Project team: Dr Juan Kaski, Dr Kevin Mills, Dr Wendy Heywood

Location: University College London, Institute of Cardiovascular Science

Other locations: UCL Great Ormond Street Institute of Child Health, UCL Centre for Inborn Errors of Metabolism; Great Ormond Street Hospital for Children, Centre for Inherited Cardiovascular Diseases

Hypertrophic cardiomyopathy (HCM) causes thickening of the heart muscle and is associated with sudden death in young people. Current treatments aim to manage  symptoms, screen relatives and prevent complications – including sudden death, heart failure and stroke.

However, we currently do not have any treatments targeting the underlying molecular processes or preventing the development of the disease in at-risk individuals.

To develop such therapies, we have to understand the early features of the condition and how it progresses over time. We need simple, non-invasive tests to achieve that.

Using a simple blood test, the team had developed a set of biomarkers that identifies adults with HCM and identifies the severity of their disease.

Dr Juan Kaski and his team are using a similar approach in this study to:

  • validate the new adult biomarkers in children with HCM and in pre-symptomatic gene carriers
  • identify new markers specific to children with HCM and gene carriers without evidence of disease
  • match the findings from the biomarker tests with clinical features of disease severity and progression.

This study takes advantage of the only paediatric HCM bioresource in the UK at GOSH and UCL and state of the art laboratory techniques at the UCL Institute of Child Health. If successful, this project may result in faster and cheaper diagnostic tests and the development of new tools to monitor disease progression and treatments, with the potential to improve clinical outcomes and potentially significant cost benefits to the NHS.

Find out more at: Epilepsy: developing a new drug treatment for a rare and debilitating form of the condition | Action Medical Research


Pyridoxine dependent epilepsy (PDE)

Title: Developing small molecule inhibitors for a rare childhood seizure disorder (Pyridoxine dependent epilepsy)

Project team: Professor Wyatt Yue, Professor Paul Brennan, Dr Cassandra Adams

Locations: Newcastle University Biosciences Institute Centre for Medicines Discovery; University of Oxford

Pyridoxine dependent epilepsy (PDE) causes frequent seizures that begin soon after birth or during infancy.

A faulty enzyme, ALDH7A1, is unable to play its usual role of breaking down an amino acid called lysine. As a result, toxic chemicals build up in the child’s body. These chemical imbalances lead to seizures and – in some children – delayed development and learning disabilities.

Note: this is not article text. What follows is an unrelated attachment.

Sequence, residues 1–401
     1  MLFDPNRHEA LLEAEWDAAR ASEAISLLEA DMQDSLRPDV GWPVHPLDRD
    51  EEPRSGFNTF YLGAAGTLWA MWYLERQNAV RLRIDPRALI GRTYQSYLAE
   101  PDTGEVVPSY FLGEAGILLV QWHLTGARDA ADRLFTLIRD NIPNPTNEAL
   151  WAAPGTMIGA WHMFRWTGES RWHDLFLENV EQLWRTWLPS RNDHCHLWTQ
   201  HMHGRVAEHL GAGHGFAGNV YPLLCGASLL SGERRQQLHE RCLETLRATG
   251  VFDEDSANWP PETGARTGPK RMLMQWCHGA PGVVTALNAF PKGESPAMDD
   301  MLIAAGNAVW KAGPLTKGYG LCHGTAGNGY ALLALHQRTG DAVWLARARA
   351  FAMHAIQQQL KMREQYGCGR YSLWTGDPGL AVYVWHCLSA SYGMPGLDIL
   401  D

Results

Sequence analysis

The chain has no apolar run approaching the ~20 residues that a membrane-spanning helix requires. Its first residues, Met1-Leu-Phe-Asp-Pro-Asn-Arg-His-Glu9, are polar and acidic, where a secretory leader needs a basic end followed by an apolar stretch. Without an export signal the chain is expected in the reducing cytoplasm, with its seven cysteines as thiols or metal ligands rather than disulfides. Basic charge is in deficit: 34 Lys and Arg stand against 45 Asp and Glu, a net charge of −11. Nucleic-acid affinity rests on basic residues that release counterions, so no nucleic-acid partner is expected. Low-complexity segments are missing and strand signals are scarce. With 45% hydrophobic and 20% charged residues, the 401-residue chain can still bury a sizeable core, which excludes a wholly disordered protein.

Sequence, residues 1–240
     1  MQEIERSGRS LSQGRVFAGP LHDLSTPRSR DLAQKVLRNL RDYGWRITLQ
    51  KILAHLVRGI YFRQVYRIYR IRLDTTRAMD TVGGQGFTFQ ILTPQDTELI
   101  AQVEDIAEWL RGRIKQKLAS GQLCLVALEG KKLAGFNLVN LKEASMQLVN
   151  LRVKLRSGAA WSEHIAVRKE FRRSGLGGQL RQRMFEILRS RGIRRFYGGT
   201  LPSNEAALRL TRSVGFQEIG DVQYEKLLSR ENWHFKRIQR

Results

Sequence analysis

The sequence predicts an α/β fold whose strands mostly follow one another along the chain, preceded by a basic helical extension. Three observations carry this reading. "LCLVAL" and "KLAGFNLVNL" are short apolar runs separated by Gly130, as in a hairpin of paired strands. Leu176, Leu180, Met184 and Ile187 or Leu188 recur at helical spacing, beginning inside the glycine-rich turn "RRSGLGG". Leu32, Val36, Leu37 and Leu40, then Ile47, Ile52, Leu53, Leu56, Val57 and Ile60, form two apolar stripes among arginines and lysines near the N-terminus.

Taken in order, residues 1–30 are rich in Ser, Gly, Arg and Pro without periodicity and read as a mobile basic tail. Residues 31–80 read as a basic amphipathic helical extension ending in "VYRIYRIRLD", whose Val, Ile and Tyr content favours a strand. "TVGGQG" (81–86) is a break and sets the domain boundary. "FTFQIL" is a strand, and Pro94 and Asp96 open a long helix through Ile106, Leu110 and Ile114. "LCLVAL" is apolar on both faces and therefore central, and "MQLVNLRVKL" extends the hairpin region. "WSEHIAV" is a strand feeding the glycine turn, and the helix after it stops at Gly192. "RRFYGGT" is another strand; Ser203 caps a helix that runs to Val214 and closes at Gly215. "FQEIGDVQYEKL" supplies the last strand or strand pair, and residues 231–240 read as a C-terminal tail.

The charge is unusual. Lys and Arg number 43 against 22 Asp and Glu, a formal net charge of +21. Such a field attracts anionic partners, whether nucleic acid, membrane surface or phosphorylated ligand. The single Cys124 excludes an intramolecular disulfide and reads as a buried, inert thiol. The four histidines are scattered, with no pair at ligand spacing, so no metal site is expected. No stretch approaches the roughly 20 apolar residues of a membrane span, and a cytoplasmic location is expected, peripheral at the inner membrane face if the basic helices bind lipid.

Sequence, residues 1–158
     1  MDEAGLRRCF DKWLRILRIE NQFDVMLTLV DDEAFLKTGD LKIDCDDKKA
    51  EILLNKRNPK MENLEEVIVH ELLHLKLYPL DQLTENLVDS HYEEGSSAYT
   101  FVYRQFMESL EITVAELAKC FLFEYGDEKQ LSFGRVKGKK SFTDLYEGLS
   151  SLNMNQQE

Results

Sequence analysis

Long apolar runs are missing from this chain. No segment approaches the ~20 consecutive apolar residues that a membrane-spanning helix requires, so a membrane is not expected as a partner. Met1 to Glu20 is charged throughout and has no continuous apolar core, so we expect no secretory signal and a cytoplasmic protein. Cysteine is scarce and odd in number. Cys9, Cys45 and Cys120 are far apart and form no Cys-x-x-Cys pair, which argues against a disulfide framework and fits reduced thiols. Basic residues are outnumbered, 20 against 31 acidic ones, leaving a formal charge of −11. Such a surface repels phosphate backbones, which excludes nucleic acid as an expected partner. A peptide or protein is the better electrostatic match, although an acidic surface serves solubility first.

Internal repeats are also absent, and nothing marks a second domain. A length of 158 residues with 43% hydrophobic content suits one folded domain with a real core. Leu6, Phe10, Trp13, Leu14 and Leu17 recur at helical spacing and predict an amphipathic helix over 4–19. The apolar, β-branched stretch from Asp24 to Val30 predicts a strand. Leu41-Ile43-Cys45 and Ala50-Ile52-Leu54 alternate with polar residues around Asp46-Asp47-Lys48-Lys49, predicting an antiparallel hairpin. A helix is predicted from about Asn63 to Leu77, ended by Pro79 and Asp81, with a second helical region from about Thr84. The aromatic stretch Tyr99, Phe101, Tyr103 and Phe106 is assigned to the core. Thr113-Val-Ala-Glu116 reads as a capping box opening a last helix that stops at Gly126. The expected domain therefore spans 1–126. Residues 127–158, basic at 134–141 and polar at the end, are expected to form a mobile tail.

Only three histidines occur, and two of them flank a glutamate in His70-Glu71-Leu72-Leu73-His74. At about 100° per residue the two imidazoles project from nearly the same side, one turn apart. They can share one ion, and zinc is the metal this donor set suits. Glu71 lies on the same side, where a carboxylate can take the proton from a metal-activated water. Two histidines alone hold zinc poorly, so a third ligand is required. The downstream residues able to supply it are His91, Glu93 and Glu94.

Current treatment focusses on seizure control but does not address the long-term neurological and cognitive causes. Led by Professor Wyatt Yue, the team aims to develop a therapy that reduces the build-up of the toxic chemicals in the body.

Professor Yue and his colleagues hope to achieve that by reducing the activity of another enzyme also involved in lysine break-down, an approach known as substrate reduction therapy. The approach has been successfully applied to other rare diseases. The team are making tiny changes to the chemical structures of several potential drug compounds they have already identified.

They will then test the effects of the most promising drug candidates in cell studies, selecting the best ones for potential future development into treatments for patients.

Find out more on the Action Medical Research website.


2019 funding round

Two projects received funding from the 2019 round and both are underway

Childhood leukaemia

Title: Synergistic ablation of MLL-Fusion onco-proteins as a novel acute leukaemia therapy.

Project team: Dr Owen Williams, Dr Jasper de Boer, Professor Ajay Vora, Professor Adele Fielding

Location: UCL Great Ormond Street Institute of Child Health, Developmental Biology and Cancer Programme

Other locations: Great Ormond Street Hospital, Haematology and Oncology Department; University College London, UCL Cancer Institute, Research Department of Haematology

Some sub-types of childhood leukaemia have much poorer outcomes than others. One such subtype seen in infants is caused by a genetic mutation which occurs when two or more genes fuse together, causing the affected blood cells to make a ‘fusion protein’ that drives the disease. New treatments are urgently needed as there are no effective treatments available.

The research team recently discovered a potential new treatment using two drugs which combine to destroy the fusion protein. Laboratory studies have shown that this combination of drugs halts the cancer’s progress. Led by Dr Owen Williams, this project is investigating the potential impact of this targeted treatment in pre-clinical models and the team ultimately hopes to take the potential treatment to a clinical trial.

Find out more on the Action Medical Research website.


Hunter syndrome

Title: Improving blood brain barrier crossing peptides in lentiviral-mediated stem cell gene therapy for Hunter disease.

Project team: Professor Brian Bigger, Dr Shaun Wood

Location: The University of Manchester, Division of Cell Matrix Biology and Regenerative Medicine

Mucopolysaccharidoses (MPS) are genetic diseases found in children who lack an enzyme that breaks down complex sugars. MPSII, also known as Hunter syndrome, affects many organs in children born with the condition and reduces life expectancy.

Complex sugars building up in the brain mean that the children experience severe progressive mental decline and behavioural difficulties.

New treatments are needed urgently as current therapies do not treat the brain symptoms.

Enzyme replacement therapy could potentially deliver the missing enzyme to the brain.

However, the human brain is protected by a blood brain barrier which makes it difficult for the enzyme to enter the brain.

Professor Brian Bigger and his colleagues have managed to treat Hunter syndrome symptoms in other parts of the body with an approach that involves taking stem cells from bone marrow, inserting a correct copy of the IDS gene, and transplanting them into the child. These cells then produce the IDS enzyme, treating the symptoms of the disease.

Unfortunately, so far they haven’t been able to get high enough levels of the enzyme into the cells to have an impact on brain symptoms.

They are now adding a small protein tag that helps the enzyme to cross the blood-brain-barrier, which protects our brains, to see if it boosts levels of the enzyme in the brain.

If it does, it could pave the pave the way for a future clinical trial in boys with Hunter syndrome.

Find out more on the Action Medical Research website.